Baseballer of the Year, Mike Trout (
by Tony Petrangelo
Oct 5, 2012, 7:00 AM

What does Mike Trout have to do with the Marriage Amendment?

Is the AL MVP debate like the Marriage Amendment debate?

For anyone not familiar with the happening’s vis-a-vis Major League Baseball’s American League Most Valuable Player award, it goes like this. Mike Trout, the baseballing novice who is pictured above had, based on our modern understanding of baseball, a historically great season.

And to say it was a historically great season I don’t have to couch that phrase in something like, “for a rookie.” For anyone he had a historically great season. Check out this link to the single season WAR leader board for position players.

The names in the top twenty are (number of appearances in parenthesis); Babe Ruth (6), Rogers Hornsby, Carl Yastrzemski, Barry Bonds (2), Lou Gehrig, Cal Ripken, Honus Wagner, Ty Cobb, Mickey Mantle (2), Willie Mays (2), Joe Morgan, Stan Musial and Ted Williams.

These are all inner circle Hall of Fame guys (except for Barry Bonds of course).

Tied for twentieth on the all time single season WAR list at 10.7, with Willie Mays age 33 season and Ted Williams age 27 season, is Mike Trout’s age 20 season.

Looking at it now, that still seems like a totally improbable sentence to have written, but there it is. And here it is again:

Tied for twentieth on the all time single season WAR list at 10.7, with Willie Mays age 33 season and Ted Williams age 27 season, is Mike Trout’s age 20 season.

What was Miguel Cabrera’s Baseball-Reference WAR this year? 6.9. On the single season list that leaves him tied for the 496th best season ever. He was even second on his own team to Justin Verlander who had 7.4 WAR.

By this measure Mike Trout was clearly the better player this year. And it’s not even really close at all. The fact that he was a rookie, and just a rookie, but a freaking 20 year old rookie, only adds to the amazingness of what he did.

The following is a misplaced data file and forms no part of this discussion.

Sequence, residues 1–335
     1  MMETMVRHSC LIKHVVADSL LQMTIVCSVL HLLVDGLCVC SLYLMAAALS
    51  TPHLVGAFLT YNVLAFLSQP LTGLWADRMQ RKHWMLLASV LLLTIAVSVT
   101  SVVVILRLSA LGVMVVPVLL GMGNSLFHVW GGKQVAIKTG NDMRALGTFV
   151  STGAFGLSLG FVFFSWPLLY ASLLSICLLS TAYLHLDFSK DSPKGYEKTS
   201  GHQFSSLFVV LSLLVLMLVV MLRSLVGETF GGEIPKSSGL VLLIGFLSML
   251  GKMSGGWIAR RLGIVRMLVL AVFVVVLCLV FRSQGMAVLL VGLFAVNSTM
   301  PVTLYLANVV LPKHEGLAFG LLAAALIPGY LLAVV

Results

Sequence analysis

But WAR, a stat that attempts to put a value on the totality of a players contributions on the field of play, is a genesis of a new generation of baseball fans who are more open to different ideas about how to asses player value.

If you’re wondering at this point why there is even a debate around who should win the AL MVP, Miguel Cabrera won the Triple Crown. That is to say he lead the American League in the three triple crown categories, Batting Average, Home Runs and Runs Batted In.

And while there is certainly some historical significance in that feat, it is historical significance that is tied to an antiquated understanding of the game of baseball. The triple crown means something because tradition dictates that it means something.

And this is the parallel to the debate about the marriage amendment, however tenuous that parallel may be. Those who support it are desperately holding onto an idea about what marriage should be that is quickly becoming outdated as we as a society evolve and grow and learn to better understand one another.

Supporters of the amendment often refuse to look beyond their own preconceptions that things should be a way because that’s the way things used to be or have always been. But it’s often hard for people to move beyond their own preconceptions. This isn’t meant to be an indictment of marriage amendment supporters, but rather a recognition that it’s hard for some people to accept a changing world. There is great comfort in tradition, even when it’s wrong.

And in the case of the American League Most Valuable Player award, it doesn’t really matter. I know that’s quite the statement from someone who just spent a few hundred words talking about how awesome Mike Trout was this year. But really, if your name isn’t Mike Trout or Miguel Cabrera (or their agents!) it doesn’t really have any effect on you who wins the AL MVP this year.

However, the marriage amendment to the Minnesota constitution that will be on the ballot this November will have very serious effects on the lives of thousands of Minnesotans. And for what?

Thanks for your feedback. If we like what you have to say, it may appear in a future post of reader reactions.